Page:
Get Excited, Get Mad, Show Emotion!
Growing Independence and Fluency
Jessica Wallace
Rationale:
It is important for students to read with fluency. Having fluency means being able to read faster, smoother, and also comes reading with expression. Reading with expression has to be taught and practiced because it does not come natural. In this lesson students will be taught the importance of reading with expression and it will show the student how changes in voice can show different kinds of expression.

Materials:
  1. Chalkboard and chalk
  2. The book Ella Sarah Gets Dressed by Margaret Chodos-Irvine
  3. Made up sentences for the board
  4. Sentence strips with sentences on them, some without punctuation marks and some with just the end marks on them.
  5. Paper and pencil for each student
  6. Copies of poems from the book For Laughing Out Loud by Jack Prelutsky (one poem for each student)
  7. Checklist for each child

Sample sentences:
Get out of my room!
Where is my toothbrush?
Letâs go to the mall.
Itâs my birthday tomorrow!
I donât feel so good.

Sentences Strips:
This is my friend, Hope
What did you say
I already told you I donât want green beans
Touchdown Auburn

Sample Checklist:
Does the studentâs voice go high or low as he or she is reading?
Does the student change his or her voice to loud or soft?
Does the studentâs voice change reflect the end punctuation mark?
Does the studentâs voice stay the same as he or she is reading?


Procedure
  1. First the teacher will explain the class what reading with expression means. ãToday class we are going to learn why it is important to read with expression. You use expression in your day to day life when you tell stories to your friends or relatives. When you get excited about something your voice might get higher and louder. For example when I say I can not wait for Auburn Football this fall!! I am excited so my voice gets higher and louder. If I am angry by voice my get lower and if I am sad my voice my get softer. If we didnât use any expression when we talked then we would tell pretty boring stories. So when we read, we are reading a story. So we have to use expression when we read like we do when we talk. So why do we use expression when we read? Right!! To make reading come alive!ä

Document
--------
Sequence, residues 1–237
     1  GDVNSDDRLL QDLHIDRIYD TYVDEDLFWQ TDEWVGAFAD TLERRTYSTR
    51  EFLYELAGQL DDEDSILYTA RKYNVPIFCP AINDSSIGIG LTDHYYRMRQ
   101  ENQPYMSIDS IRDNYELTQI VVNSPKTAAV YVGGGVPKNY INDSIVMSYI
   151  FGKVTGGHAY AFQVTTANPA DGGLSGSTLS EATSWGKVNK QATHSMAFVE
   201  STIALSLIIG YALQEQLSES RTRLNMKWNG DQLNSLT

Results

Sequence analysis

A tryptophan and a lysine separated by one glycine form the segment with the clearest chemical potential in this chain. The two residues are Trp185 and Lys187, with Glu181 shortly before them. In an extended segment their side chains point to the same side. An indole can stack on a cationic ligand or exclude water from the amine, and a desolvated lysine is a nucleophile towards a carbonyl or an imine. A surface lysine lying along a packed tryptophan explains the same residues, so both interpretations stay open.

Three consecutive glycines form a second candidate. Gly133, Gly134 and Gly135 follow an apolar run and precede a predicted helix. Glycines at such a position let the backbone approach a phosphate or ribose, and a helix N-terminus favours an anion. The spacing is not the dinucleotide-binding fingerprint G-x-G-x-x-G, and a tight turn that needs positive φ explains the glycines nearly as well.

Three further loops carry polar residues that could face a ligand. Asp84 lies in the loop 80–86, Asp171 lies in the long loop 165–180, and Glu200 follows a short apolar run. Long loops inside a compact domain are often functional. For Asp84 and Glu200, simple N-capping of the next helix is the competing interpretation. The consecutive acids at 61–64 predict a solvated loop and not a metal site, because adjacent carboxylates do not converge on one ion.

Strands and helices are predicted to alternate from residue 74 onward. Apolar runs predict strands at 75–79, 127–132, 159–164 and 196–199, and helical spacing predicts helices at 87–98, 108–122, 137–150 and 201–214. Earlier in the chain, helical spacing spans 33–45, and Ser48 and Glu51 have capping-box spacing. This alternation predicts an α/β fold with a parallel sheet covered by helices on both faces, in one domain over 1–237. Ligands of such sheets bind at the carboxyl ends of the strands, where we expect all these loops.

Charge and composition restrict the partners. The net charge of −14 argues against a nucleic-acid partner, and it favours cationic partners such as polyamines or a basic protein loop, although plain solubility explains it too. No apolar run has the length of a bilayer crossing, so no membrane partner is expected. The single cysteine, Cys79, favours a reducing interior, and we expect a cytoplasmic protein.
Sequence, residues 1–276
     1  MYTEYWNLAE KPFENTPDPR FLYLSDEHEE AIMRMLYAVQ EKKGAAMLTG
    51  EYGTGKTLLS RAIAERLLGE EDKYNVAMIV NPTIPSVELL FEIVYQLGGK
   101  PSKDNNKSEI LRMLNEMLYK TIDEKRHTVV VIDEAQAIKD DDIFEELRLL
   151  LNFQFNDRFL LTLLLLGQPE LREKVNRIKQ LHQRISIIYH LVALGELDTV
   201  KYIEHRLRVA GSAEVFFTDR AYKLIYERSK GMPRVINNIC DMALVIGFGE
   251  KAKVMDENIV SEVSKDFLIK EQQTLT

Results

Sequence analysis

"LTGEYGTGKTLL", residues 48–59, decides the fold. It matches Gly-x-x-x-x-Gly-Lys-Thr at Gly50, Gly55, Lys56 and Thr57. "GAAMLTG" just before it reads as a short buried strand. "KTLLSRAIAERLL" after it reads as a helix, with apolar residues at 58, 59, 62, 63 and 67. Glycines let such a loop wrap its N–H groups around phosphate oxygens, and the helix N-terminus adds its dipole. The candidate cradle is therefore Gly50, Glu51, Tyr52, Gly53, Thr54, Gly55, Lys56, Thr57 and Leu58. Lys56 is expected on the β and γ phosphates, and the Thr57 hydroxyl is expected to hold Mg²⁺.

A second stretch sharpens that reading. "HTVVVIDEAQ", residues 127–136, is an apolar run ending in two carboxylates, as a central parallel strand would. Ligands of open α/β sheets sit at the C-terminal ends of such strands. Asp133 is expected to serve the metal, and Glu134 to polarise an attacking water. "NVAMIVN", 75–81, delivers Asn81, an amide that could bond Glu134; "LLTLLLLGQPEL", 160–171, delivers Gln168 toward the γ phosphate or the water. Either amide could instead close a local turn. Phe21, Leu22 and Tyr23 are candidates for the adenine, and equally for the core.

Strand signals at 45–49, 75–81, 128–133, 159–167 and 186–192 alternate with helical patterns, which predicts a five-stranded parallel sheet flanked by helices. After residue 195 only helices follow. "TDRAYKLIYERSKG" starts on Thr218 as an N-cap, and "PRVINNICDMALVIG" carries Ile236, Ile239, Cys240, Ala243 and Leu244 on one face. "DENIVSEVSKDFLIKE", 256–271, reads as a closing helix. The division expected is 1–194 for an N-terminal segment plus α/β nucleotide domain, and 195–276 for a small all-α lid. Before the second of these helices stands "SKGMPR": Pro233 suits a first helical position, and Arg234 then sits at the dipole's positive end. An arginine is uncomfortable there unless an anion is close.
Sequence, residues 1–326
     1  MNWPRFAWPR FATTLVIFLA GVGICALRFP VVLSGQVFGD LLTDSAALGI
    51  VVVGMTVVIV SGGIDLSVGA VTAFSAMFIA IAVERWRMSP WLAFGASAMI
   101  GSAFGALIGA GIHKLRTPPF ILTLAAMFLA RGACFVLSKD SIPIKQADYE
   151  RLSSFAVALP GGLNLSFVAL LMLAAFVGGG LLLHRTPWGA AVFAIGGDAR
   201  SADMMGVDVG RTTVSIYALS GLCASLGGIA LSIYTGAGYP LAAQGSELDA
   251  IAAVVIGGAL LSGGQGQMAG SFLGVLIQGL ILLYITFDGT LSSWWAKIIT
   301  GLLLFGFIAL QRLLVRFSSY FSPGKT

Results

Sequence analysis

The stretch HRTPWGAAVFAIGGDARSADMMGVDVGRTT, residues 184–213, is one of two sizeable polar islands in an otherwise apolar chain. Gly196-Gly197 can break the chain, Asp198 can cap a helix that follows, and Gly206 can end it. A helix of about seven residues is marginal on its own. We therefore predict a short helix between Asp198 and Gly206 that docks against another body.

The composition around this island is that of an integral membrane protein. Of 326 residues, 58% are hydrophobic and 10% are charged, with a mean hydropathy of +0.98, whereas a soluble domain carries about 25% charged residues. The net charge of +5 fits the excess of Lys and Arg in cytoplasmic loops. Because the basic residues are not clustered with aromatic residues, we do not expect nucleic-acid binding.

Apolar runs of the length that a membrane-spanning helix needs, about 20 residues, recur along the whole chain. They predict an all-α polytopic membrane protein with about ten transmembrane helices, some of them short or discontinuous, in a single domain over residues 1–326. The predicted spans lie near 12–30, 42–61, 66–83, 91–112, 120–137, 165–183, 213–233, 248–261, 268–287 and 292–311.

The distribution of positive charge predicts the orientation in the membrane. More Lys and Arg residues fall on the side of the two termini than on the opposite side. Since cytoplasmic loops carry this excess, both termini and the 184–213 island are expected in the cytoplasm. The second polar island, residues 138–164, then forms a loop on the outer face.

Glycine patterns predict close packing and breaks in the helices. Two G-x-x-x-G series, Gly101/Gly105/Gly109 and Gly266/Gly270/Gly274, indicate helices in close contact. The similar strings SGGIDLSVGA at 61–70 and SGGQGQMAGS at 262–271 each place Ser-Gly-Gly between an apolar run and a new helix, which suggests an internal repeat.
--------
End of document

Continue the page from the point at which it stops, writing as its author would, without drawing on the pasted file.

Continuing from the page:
1. ãNow I have put some sentences on the board. Letâs read that first sentence without reading with expression. ãGet out of my room!ä Do you think the speaker is happy, sad, or mad? Why do you think the speaker is mad? Good Job, we can assume that the speaker is mad because the punctuation mark at the end is an exclamation mark. Meaning that the speaker wants his or her comment heard. Is the speaker being nice or commanding? Commanding is right, good job! So we guessed that the speaker is mad because of the exclamation mark at the end and the command he or she is making. Now letâs read this sentence with expression! Great job!! I can really tell yaâll were angry.ä Now continue reading through the sentences the same way as the first one. Reviewing the differences of the punctuation marks at the end of the sentences and what they mean.